March 28, 2013
Government relations VP Johnson announces retirement
Stephen Philip Johnson, vice president for government and community relations, has announced his retirement after 40 years of service to Cornell University.
"In his roles as assistant vice president for government relations, heading the Washington lobbying office, and most recently as vice president for government and community relations, Steve has given exemplary service to the Cornell community and to the people of Ithaca, Tompkins County, New York state and our country," said President David Skorton. "He has advocated for effective legislative action to help support the educational, research, health care and public engagement missions of Cornell and others in higher education and, in so doing, has had an enormously positive effect on us all."
Johnson will continue in his current leadership role until a successor is found. See Skorton's statement on changes in Cornell's external relations organization.
For the past six years as vice president, Johnson has led the strategy and operations of Government and Community Relations, with offices on the Ithaca and Weill Cornell Medical College campuses, in Albany and in Washington, D.C., directing the university's legislative efforts and coordinating its involvement with government-focused higher education associations.
Johnson has also advocated for the university's interests by developing strong relationships with members of Congress, White House and federal agency officials, and special-interest groups; supervised the university's lobbying activities at state and federal levels; and worked on behalf of such regional economic development initiatives as the Southern Tier Regional Economic Development Council.
"It has been an honor to represent all parts of this great university," said Johnson. "I've enjoyed the privilege of working for and with President Skorton, his senior leadership team and Vice President Glenn Altschuler. I appreciate all that my staff has done to support me and the office, and to further the university's objectives at the federal, state and community levels."
Johnson also advanced revisions in immigration law to permit the employment of outstanding scientists and scholars under the H-1B visa program, including securing permanent exemption for higher education. He organized the first joint federal lobbying day for New York medical colleges. He also established the university's federal relations office in Washington, D.C., in 1999.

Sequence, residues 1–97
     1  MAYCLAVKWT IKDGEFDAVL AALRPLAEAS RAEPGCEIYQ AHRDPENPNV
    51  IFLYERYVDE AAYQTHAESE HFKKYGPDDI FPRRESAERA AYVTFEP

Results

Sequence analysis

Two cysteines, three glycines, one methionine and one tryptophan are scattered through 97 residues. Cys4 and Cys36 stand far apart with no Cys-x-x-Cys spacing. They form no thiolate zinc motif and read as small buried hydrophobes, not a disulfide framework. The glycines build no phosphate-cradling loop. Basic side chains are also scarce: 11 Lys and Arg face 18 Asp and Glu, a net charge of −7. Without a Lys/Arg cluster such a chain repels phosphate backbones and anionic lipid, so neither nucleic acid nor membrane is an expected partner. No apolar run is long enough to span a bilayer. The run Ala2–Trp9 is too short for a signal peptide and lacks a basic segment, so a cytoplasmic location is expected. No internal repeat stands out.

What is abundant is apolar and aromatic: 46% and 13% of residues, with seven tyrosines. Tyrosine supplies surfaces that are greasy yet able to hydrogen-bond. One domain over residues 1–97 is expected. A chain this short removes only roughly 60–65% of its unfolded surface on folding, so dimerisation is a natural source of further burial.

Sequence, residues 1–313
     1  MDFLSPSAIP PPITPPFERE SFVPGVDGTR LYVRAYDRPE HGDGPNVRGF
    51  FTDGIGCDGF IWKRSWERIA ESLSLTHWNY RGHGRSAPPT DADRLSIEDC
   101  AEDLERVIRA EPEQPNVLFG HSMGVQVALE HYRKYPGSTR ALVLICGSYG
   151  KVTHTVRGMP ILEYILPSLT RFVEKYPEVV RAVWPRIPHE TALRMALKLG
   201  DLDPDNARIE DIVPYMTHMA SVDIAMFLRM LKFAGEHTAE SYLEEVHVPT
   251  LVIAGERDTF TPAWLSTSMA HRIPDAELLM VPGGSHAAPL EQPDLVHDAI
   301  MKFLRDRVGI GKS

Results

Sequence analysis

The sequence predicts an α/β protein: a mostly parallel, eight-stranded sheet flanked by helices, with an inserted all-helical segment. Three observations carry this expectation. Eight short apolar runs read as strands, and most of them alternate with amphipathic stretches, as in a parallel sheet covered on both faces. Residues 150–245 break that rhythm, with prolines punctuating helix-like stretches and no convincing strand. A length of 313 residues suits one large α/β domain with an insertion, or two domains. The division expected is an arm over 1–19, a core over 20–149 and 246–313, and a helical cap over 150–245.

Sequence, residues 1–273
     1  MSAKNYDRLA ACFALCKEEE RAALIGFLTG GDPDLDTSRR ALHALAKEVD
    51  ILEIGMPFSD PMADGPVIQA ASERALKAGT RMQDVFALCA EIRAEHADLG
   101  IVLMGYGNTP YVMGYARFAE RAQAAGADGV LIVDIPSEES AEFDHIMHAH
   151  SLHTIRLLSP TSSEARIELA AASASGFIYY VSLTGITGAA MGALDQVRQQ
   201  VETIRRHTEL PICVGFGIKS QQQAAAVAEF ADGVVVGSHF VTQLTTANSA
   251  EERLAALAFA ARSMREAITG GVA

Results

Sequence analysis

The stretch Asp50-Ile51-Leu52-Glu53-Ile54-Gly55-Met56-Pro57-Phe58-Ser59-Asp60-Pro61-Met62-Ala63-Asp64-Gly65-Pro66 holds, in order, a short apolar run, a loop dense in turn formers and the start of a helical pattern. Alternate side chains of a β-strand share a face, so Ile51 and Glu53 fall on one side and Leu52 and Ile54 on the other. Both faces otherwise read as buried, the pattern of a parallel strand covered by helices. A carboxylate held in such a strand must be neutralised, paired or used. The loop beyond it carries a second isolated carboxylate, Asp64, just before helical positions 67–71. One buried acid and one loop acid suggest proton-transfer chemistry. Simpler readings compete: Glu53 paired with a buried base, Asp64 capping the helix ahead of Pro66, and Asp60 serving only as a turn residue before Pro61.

For the past several years, Johnson has served as an informal mentor to underrepresented Cornell students interested in public policy, introducing them to Washington lobbying efforts and helping them develop various student programs.
"Vice President Johnson is simply a legend -- smart, passionate and filled with kindness," said Julio A. Cabral Corrada '13. "I met him four years ago when we organized together the visit of Puerto Rico Gov. Luis Fortuño to Cornell. Since then, we have collaborated in a myriad of ways. Whether lobbying for student Pell Grants or advocating for faculty research funds, Steve works with a deep sense of responsibility and determination. I am genuinely grateful to have him as a mentor."
Prior to serving in government relations, Johnson was a program coordinator and extension associate for the College of Agriculture and Life Sciences, 1972-84. He helped secure federal or state funding for such initiatives as Cornell's Food Science pilot plant, the Cornell University Center for Advanced Computing, the Wilson Synchrotron Laboratory, other capital facilities on the Ithaca and Geneva campuses, and the Arecibo Observatory in Puerto Rico. He also helped establish the first interstate nutrition education program and pesticide safety education program for Cornell Cooperative Extension's program for migrant farm workers and their families.
Johnson received his Master of Public Administration degree from the Maxwell School at Syracuse University and his B.A. from Pennsylvania State University. His wife, Lorraine, is a 1966 graduate of Cornell; they have two sons who also are Cornell graduates: Chris '96 and Marc '01, MPA '04.